The audience agreed with his message and gave the general a standing ovation.
Many pastors and Christian leaders attend
The audience of about 300 was a combination of Jewish and Christian members of the
local community. Many pastors and Christian leaders from various churches throughout
the Los Angeles area were also in attendance.
The president of the Jewish Federation, the major fundraising organization for Jewish
charities in Los Angeles and Israel, Jay Sanderson, spoke after the General. Sanderson
spoke about the importance of working together with Christians to help the state
of Israel. He also introduced some of the Christian speakers for the night.
Several Christian pastors gave speeches reiterating the main message of the night.
They emphasized the need for Christians to support Israel and work against radical
Islam. Christian speakers and special guests for the night included Jim Tolle from
La Iglesia en El Camino, Roger Cochran from Calvary Chapel in Long Beach, and Angela
Evans from the Crenshaw Christian Center.
Pastor James Allen Tolle (pictured left) is the senior pastor of La Iglesia en El Camino (the Church
on the Way) in Van Nuys. It is a Spanish-speaking evangelical Christian church.
The majority of Tolle’s sermons are in Spanish. He also hosts a Spanish language
radio show called Respuestas (Answers).
Pastor praises Ya'alon
Tolle opened his speech by saying, "Right now as we are here at the campus of the
church I pastor, there are 10-15,000 people for an event, I chose to be here to
show my solidarity with Israel."
Tolle spoke about Ya'alon and what Tolle termed the great things Ya'alon has done for the state of Israel.
Tolle called "Moshe" a great example to the U.S. He said he himself is a supporter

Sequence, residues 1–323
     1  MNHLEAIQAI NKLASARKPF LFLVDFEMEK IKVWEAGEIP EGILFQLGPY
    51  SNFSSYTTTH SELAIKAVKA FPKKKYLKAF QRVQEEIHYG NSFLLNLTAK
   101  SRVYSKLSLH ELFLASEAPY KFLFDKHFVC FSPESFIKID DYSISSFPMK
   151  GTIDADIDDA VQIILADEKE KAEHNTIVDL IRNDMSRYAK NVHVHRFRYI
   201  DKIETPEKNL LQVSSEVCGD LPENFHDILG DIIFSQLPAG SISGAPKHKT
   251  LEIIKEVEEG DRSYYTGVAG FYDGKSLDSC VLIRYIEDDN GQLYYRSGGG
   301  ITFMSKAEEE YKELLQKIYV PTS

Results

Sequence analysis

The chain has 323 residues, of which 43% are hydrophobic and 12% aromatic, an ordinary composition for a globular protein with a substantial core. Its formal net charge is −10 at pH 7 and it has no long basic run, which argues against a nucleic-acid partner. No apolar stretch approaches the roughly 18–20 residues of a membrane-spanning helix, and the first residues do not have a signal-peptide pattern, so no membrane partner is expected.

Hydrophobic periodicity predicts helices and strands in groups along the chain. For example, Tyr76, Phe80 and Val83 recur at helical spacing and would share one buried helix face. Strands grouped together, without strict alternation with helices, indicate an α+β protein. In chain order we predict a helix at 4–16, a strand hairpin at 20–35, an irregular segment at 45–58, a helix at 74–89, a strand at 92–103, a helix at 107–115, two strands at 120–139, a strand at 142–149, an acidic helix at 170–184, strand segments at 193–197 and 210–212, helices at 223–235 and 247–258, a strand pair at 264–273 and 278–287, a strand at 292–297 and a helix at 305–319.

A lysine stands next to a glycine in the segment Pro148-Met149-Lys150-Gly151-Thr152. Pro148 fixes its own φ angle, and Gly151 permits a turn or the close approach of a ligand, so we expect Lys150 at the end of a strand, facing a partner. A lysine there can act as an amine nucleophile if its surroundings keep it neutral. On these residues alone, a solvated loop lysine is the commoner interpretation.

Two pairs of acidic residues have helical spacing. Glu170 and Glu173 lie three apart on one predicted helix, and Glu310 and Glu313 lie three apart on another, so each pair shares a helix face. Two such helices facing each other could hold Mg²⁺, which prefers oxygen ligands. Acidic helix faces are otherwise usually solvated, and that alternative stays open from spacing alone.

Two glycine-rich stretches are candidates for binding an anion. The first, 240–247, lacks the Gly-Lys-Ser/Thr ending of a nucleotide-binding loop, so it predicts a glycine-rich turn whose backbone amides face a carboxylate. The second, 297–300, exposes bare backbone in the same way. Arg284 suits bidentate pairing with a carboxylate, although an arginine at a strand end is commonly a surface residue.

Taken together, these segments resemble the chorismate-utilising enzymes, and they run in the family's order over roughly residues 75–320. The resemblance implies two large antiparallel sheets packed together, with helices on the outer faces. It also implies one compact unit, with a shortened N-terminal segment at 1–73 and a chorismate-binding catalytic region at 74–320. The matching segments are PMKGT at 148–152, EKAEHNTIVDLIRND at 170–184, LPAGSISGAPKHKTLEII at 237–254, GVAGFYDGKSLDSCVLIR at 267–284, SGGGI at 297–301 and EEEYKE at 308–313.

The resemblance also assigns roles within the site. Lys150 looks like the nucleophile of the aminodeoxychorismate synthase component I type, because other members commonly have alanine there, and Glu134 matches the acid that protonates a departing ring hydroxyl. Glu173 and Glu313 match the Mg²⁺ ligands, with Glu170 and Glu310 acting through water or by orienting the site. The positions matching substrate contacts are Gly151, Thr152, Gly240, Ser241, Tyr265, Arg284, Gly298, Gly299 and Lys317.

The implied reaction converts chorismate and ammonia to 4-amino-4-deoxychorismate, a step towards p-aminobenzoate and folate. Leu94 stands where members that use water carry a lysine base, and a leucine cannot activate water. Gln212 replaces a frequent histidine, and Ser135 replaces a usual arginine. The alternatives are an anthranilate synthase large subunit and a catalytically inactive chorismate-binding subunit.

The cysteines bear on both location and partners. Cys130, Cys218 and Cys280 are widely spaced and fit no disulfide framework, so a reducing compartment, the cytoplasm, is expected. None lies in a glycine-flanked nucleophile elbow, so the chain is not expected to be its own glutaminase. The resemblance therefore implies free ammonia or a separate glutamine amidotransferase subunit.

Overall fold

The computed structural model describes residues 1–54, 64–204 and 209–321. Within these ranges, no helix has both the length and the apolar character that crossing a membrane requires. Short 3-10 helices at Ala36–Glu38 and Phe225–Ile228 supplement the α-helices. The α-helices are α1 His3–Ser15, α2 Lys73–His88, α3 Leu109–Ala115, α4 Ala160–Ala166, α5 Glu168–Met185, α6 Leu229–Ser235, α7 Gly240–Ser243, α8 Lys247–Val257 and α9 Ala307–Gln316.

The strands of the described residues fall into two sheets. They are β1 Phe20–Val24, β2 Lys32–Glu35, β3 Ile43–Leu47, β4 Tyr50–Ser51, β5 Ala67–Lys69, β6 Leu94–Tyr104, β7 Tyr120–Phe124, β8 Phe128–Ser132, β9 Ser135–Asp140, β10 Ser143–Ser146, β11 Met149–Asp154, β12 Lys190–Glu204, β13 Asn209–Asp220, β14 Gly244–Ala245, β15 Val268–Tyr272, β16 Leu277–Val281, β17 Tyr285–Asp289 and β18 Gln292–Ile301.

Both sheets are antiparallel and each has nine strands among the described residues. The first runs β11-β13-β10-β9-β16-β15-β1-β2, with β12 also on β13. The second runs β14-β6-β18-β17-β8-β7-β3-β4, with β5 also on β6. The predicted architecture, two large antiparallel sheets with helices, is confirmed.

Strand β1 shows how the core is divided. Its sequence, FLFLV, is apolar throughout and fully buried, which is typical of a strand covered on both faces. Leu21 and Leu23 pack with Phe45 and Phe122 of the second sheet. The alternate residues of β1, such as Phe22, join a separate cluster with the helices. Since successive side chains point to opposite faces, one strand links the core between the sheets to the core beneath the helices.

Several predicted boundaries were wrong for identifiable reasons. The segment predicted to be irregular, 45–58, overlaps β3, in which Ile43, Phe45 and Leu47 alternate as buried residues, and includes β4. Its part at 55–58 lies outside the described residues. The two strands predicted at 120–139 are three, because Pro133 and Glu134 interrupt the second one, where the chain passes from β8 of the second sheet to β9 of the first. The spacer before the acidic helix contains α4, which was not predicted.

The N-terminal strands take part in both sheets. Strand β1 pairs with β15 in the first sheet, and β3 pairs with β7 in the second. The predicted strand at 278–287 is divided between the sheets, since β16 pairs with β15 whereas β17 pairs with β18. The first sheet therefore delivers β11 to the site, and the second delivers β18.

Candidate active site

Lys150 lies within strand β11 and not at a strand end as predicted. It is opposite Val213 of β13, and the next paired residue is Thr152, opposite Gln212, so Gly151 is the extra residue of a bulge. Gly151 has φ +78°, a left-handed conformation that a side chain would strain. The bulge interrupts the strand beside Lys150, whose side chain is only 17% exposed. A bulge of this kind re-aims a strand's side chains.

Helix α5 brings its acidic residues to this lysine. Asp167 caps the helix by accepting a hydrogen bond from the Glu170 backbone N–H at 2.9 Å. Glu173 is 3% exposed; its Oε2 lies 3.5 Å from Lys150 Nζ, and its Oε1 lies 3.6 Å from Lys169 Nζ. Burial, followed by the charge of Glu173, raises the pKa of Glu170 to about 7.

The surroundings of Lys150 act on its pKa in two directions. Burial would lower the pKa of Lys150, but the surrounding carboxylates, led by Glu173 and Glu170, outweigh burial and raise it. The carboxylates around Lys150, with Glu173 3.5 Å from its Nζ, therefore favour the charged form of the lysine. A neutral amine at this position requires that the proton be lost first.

of Israel because of its love of life and liberty.
"I partnered with Israel because I love its history. Its history has prevailed during
all seasons of its existence even in the face of the most atrocious things done
against it. I partner with Israel because I love its perseverance. Truly every free
society is indebted to Israel for its persistence," Tolle said.
The Consul General of Israel, Jacob Dayan, followed Tolle's speech. Dayan is the
senior representative of the State of Israel in the southwestern United States.
Dayan spoke about the recent forest fire in Israel in which 41 people died. He expressed
his appreciation for all the calls he has received and all the support the U.S.
has given the state of Israel. He then went on to speak about Jewish identity.
"I want to speak about an internal fight that the Jewish people have been fighting
for the last 2,000 years," Dayan said. "This fight is for our identity. We are still
fighting this fight today, every generation. If you look at society, the people
here are fighting for their Jewish identity. Today, here, you choose to be a Jew.
Each and every one of you is a Jew by choice. You don't feel the anti-Semitism like
you do in Europe; you don't feel the threat, but still each and every one of you
choose this identity. And this is an on-going fight that we have battled for 2,000
years, a fight that we have to win."
Photographs by Frances Vega